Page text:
Queen Elizabeth II's Platinum Jubilee should provide a boost to Britain's beleaguered retail and tourism sectors, but could also then slow the stuttering economy, analysts said on Wednesday.
Thursday sees the start of four days of festivities to mark the 96-year-old monarch's record-breaking 70 years on the throne.
With two public holidays on Thursday and Friday, then the weekend, supermarket chain Co-op predicted "a bigger sales period than Christmas."
"Sales are set to be booming in the run-up to the bank holiday weekend, with shoppers set to flock to the stores on Wednesday," it added.
It forecast a 10-percent increase in wine sales alone, and was expecting to sell 500,000 bottles of sparkling wine and 30,000 bottles of Champagne.
Double the amount of English fizz was also predicted to fly off the shelves, as people look to toast the occasion with a taste of patriotism.
The UK government said more than 200,000 local events and street parties were expected to be held across the country over the four days.
VisitBritain, which promotes British tourism, said the celebrations could bring in some £1.2 billion (US$1.5 billion, 1.4 billion euros) to the economy.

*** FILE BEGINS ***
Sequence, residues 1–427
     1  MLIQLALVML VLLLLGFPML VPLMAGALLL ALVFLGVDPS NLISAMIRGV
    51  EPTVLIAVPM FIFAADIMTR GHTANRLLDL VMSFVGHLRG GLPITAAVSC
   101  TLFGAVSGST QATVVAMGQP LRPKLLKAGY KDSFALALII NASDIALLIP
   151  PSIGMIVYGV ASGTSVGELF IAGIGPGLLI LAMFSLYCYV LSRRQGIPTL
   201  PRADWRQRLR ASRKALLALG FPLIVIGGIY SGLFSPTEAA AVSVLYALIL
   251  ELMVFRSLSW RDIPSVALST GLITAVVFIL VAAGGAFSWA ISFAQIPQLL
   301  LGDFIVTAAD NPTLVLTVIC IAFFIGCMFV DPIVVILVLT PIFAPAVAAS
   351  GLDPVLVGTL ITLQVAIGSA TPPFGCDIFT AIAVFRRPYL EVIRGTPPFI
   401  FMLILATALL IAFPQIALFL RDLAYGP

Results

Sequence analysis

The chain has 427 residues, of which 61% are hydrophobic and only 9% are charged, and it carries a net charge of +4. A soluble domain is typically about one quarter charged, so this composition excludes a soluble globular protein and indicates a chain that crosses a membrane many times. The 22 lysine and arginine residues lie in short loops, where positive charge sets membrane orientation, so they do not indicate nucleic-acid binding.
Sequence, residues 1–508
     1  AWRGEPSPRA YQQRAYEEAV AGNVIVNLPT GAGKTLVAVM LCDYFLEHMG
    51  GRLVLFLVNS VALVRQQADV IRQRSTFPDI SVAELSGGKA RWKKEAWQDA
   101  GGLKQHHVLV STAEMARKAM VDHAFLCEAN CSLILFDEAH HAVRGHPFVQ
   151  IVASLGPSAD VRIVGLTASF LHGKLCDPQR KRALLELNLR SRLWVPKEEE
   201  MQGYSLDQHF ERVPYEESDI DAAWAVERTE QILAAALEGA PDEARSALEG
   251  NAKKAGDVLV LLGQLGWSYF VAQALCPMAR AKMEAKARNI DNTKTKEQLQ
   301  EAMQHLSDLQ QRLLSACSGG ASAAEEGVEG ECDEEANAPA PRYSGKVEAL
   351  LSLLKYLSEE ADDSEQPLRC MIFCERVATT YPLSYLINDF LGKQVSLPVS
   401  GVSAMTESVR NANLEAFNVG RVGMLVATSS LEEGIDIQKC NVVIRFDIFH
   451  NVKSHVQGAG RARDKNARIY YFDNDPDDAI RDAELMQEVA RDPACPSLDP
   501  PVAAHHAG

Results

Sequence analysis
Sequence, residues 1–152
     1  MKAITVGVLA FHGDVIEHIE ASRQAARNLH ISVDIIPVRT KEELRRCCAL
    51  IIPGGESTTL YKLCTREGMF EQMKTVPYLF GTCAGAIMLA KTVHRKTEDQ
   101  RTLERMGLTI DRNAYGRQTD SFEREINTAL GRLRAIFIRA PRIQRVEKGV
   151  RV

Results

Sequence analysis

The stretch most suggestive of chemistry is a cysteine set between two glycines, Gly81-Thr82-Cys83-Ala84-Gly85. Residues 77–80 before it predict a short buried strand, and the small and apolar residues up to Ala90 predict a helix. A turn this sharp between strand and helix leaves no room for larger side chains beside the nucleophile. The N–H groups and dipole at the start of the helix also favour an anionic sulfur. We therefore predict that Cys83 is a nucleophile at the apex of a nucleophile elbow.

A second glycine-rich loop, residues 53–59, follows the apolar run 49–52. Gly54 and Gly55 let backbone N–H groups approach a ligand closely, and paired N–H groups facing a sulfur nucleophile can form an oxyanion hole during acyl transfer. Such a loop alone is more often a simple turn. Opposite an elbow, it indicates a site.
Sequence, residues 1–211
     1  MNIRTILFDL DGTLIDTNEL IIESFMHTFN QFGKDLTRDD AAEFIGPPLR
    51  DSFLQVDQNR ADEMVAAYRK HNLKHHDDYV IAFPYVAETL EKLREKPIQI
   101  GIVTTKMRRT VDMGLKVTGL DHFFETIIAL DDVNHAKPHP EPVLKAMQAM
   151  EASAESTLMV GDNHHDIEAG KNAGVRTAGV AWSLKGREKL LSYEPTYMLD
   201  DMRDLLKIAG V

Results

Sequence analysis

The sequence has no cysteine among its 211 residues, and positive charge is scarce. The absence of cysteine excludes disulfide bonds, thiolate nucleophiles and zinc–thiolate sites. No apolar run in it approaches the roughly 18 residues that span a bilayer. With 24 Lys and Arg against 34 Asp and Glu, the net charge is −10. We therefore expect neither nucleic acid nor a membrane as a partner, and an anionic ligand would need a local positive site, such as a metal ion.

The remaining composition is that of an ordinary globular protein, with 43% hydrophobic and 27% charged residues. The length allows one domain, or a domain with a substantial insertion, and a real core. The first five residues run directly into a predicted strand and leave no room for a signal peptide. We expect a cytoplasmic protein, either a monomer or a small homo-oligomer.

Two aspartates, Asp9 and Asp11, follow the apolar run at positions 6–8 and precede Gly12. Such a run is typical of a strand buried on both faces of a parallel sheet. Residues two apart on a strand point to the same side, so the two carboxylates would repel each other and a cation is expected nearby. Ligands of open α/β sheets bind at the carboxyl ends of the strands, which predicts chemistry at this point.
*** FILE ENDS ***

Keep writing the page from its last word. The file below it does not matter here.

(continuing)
Some 5.3 million Britons are likely to take time off work, it added.
"Jubilee-themed products" such as corgi-shaped cakes, cupcakes and pies were also proving popular, a spokeswoman told AFP.
Susannah Streeter, an analyst at Hargreaves Lansdown, said grocers were "set to get a mini-boost in sales."
At the same time, hotels and restaurants as well as tourist activities that were hit badly during the pandemic will benefit, she added.
VisitBritain estimates that Covid cost the UK tourism sector up to £97.1 billion in 2020 and 2021, mostly due to a lack of foreign visitors.
But Streeter said the extra-long weekend would likely see a "drop in productivity, as flag-waving, parties and barbecues replace hours punching keyboards and on factory floors."
The Golden Jubilee celebrations in 2002 saw production fall by 5.4 percent, and it dipped again in 2012 for the queen's 60th anniversary, she added.
"So don't be surprised if a hangover comes in the form of a knock to economic output in June's GDP (gross domestic product) snapshot after all the fun."
But Michael Hewson, an analyst at CMC Markets, said historical data showed that any retraction would be temporary and productivity would bounce back.
In 2002 and 2012, he said, "we saw a strong rebound the following month."
"If, as seems likely, the UK economy contracts in Q2 (second quarter) this year, the jubilee bank holiday is unlikely to be the primary reason," he added.
Greater blame should be attached to consumers spending and travelling less in the midst of a cost-of-living crisis, as government taxes also go up, Hewson said.
by Véronique Dupont, AFP